Colston is a part of Bristol's history and that's something Bristolian's can't deny nor erase, whether you like it or not. I was standing on Colston Avene, the building ahead of my is, or was called Colston Tower until they removed the name from the top of the building recently. There are references to Colston at many places over the city. To what length does one go to erase and change history? Or should it be used to teach future generations about where we came from? Food for thought.
Queen Square is an open area just next to the city center and is named after Queen Anne who visited the city in 1702. The buildings around the square were built in the late 17th, are three-story high, and built of the same type of brick, which was unusual back in those days. It is said that the officer responsible for drafting the building leases had a friend who owned a brick kiln, so he dictated that all the houses had to be built using that particular type of brick!! Many of the houses are listed now and if one has time and like architecture, it's great to stroll around the square.
When I was a teenager I used to accompany my dad here when he came to see his bank manager. The bank used to be located in one of these houses. That's why Queen Square has a special place in my heart. As a Chinese kid growing up in UK, you get roped into the business world at a relatively young age (16/17 in my case) when we had to act as parents' interpreter. My dad only had small business but somehow there seem to be quite a bit of dealings with bankers and lawyers in those few years. I was trotting around with him to Queen Square and Colston Avenue where our lawyer's offices were located.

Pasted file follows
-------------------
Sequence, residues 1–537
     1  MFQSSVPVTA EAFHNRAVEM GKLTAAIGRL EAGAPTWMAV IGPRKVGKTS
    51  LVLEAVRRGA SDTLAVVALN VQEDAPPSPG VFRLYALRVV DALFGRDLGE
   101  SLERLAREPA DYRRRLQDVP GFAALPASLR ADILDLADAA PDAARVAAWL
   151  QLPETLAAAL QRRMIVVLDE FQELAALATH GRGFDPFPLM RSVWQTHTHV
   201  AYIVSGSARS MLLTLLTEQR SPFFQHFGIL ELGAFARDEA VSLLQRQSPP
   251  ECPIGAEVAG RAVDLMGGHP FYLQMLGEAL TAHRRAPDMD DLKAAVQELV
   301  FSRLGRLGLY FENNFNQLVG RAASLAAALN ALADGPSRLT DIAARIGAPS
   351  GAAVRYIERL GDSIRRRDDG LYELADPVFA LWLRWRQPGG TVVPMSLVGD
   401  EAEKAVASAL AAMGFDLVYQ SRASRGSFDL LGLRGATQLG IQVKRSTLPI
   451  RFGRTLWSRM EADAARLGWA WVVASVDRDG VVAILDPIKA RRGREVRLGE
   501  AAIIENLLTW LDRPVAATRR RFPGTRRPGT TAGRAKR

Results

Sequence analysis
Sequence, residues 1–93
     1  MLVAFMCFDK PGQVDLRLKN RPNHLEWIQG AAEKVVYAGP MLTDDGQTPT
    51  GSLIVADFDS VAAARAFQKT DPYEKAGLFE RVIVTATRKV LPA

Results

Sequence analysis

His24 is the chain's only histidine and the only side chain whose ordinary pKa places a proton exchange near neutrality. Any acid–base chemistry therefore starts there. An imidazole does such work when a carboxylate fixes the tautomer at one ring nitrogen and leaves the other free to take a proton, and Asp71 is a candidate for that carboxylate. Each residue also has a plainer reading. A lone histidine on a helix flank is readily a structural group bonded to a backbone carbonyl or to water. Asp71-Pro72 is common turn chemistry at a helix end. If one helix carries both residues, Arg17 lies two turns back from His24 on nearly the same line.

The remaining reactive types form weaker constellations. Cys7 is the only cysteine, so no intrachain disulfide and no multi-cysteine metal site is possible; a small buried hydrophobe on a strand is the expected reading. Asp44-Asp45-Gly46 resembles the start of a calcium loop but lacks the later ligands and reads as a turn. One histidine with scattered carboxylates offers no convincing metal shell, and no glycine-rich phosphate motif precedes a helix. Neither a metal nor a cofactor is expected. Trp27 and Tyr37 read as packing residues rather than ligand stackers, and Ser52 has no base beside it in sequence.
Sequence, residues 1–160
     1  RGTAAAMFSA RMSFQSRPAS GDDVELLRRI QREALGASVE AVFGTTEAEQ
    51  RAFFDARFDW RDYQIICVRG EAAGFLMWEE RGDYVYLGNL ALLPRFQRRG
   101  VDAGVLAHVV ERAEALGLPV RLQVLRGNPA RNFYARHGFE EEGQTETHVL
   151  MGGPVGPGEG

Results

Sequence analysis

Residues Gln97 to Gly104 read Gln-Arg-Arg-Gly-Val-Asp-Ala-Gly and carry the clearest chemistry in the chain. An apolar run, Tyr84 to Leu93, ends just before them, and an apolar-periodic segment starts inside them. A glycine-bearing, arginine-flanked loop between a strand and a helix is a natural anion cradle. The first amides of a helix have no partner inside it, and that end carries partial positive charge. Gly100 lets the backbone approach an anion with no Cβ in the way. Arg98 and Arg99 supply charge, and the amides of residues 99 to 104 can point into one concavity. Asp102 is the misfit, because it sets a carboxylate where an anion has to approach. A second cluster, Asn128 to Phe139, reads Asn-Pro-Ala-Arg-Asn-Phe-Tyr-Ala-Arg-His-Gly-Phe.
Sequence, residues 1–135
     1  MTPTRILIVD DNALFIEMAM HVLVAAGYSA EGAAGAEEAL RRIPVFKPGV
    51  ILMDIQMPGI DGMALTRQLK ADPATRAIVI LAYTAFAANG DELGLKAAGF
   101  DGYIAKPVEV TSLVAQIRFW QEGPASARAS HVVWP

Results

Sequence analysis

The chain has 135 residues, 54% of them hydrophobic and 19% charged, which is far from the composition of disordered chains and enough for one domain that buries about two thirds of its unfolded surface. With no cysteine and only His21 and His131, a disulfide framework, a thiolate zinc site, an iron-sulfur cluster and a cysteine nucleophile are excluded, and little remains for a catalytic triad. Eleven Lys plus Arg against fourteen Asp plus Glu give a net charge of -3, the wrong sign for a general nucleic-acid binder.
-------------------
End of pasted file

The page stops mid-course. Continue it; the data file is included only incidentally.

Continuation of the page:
My first impression when I stepped into Queen Square on this visit was that it's a lot bigger than I remembered. That's odd because when you revisit a place from childhood, they always seem to be smaller than you remember from younger. Queen Square was the opposite. I remember there used to be some parking bays as it was always very difficult to find somewhere to park, and the open space was definitely a lot smaller back on those days. After a bit of online research, turns out my memory wasn't wrong. In 1999 the city council restored Queen Square to its former glory by diverting busy traffic away from the square, and thus enlarging it to a 2.4 hectare square bang in the middle of Brisol city center.
I wanted to bring hubby to Queen Square as he had never had a chance to meet my dad, I reckon my dad would have liked him. It was like a way to connect the two of them together. The best thing I found about Queen Square during these difficult times is how they had turned social distance into something so adorable. There were many hearts drawn all over the lawn so everyone was sitting inside a heart, what's not to love about this ❤️
Here's a few more shots of buildings around the College Green area which I've edited in black and white for a nostalgic feel. Next time I'm going to continue my tour around Bristol to another part - the docks. Hope you'll join me.